Spanish is the main language in Alicante. However, most people in the city can speak good English, too.


Alicante has a huge range of shopping opportunities from upscale clothing stores to smaller boutiques where you can purchase leather goods, shoes, bags and accessories. Dolls, rugs, wicker items and traditional pottery also make good gifts.

El Postiguet beach is in the city, at the foot of Santa Barbara castle and alongside the port and the Esplanade. It is a popular and well known attraction.

Alicante’s cuisine is typically Mediterranean. Rice plays a leading role in a variety of recipes. Seafood too is very important. Cured salted fish is used as the main ingredient for making many types of “salazones” featuring products such as roe, tuna belly and herring, which are served as appetisers.

Points of Interest

  • Santa Barbara Castle – is located at the summit of Mount Benacantil, the large mountain situated at the heart to Alicante Spain. Visitors to Alicante’s famous mountaintop castle are rewarded with a panoramic view of Alicante, the Mediterranean Sea and mountains to the north. For the Disabled Cruiser rather than spending an hour hiking up Mount Benacantil to the Santa Barbara Castle, consider taking the lift. For a couple of euros, you will be transported by elevator from Postiguet Beach to Santa Barbara Castle on Mount Benacantil. The castle is easily accessed with a wheelchair but the inside of the castle has quite a few stair cases, but it also has some large flat areas to be visited.
  • Central Market – Located inside a pyramidal building on Avenida Alfonso el Sabio, is the central market, where shoppers can purchase fresh fish, fruit, vegetables, breads and pastries at this historic Spanish market. The Central Market is a wonderful place to experience traditional Spanish life and simply watch the world unfold. There are about 30 steps to enter the building, the Disabled Cruiser will have access to a wheelchair ramp to enter the building. Inside the building is flat and smooth.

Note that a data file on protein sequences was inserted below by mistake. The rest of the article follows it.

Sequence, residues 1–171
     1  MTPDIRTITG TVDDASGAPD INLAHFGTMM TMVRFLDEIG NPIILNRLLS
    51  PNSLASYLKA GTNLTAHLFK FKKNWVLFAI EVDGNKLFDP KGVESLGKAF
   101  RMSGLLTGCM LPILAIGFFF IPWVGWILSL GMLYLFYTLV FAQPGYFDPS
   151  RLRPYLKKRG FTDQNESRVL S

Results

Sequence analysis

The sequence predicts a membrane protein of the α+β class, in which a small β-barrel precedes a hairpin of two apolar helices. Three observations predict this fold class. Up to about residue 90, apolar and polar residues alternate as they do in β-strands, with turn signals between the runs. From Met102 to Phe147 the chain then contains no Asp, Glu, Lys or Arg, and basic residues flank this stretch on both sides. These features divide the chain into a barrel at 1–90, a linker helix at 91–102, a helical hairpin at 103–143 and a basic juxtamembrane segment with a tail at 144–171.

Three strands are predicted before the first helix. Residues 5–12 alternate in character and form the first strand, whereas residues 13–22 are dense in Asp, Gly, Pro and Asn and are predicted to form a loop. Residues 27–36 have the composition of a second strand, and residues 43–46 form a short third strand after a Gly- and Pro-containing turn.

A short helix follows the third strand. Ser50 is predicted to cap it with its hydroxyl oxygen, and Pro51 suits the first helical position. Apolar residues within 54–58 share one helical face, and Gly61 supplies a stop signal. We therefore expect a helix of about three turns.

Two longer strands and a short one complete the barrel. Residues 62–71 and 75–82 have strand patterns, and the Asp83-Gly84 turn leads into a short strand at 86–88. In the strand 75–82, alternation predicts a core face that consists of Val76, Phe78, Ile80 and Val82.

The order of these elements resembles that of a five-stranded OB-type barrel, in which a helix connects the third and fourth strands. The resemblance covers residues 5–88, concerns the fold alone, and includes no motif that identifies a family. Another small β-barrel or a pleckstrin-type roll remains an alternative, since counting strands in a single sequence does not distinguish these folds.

• St. Nicolas Cathedral – is a co-cathedral in Alicante Spain. It is famous for its light-filled baroque interior and blue-domed roof. There is a wheelchair ramp to enter the building for the Disabled Cruiser.
  • Guadalest – This gravity defying village perches in the mountains in Marina Baixa, an hour’s drive from Alicante. It’s postcard pretty and serves up panoramic views. It’s also a little larder as far as local produce is concerned. Honey and cheeses are just two of the souvenirs you can take home from here.
  • Playa de Postiguet – This beach hits the bull’s-eye for cruise passengers whose main aim in Alicante is to get to the beach as fast as possible. It’s just round the corner from the shuttle bus stop and it comes complete with soft tawny sand, loungers, cabana beds, a volleyball court and beach bars.
  • San Juan Beach – Just over 4 kilometers from Alicante, this long stretch of sand has the seal of approval from Blue Flag. It features beachside restaurants and bars as well as activities like a volleyball court and children’s playground. The Alicante tram stops here. The Disabled Cruiser will enjoy accommodation and handicap facilities at the beach and disabled individuals can access the water.

Alicante Accessible Excursions

There are no organized accessible tours in Alicante. There are private tours available, but the Disabled Cruiser will be required to transfer out of the wheelchair into the vehicle.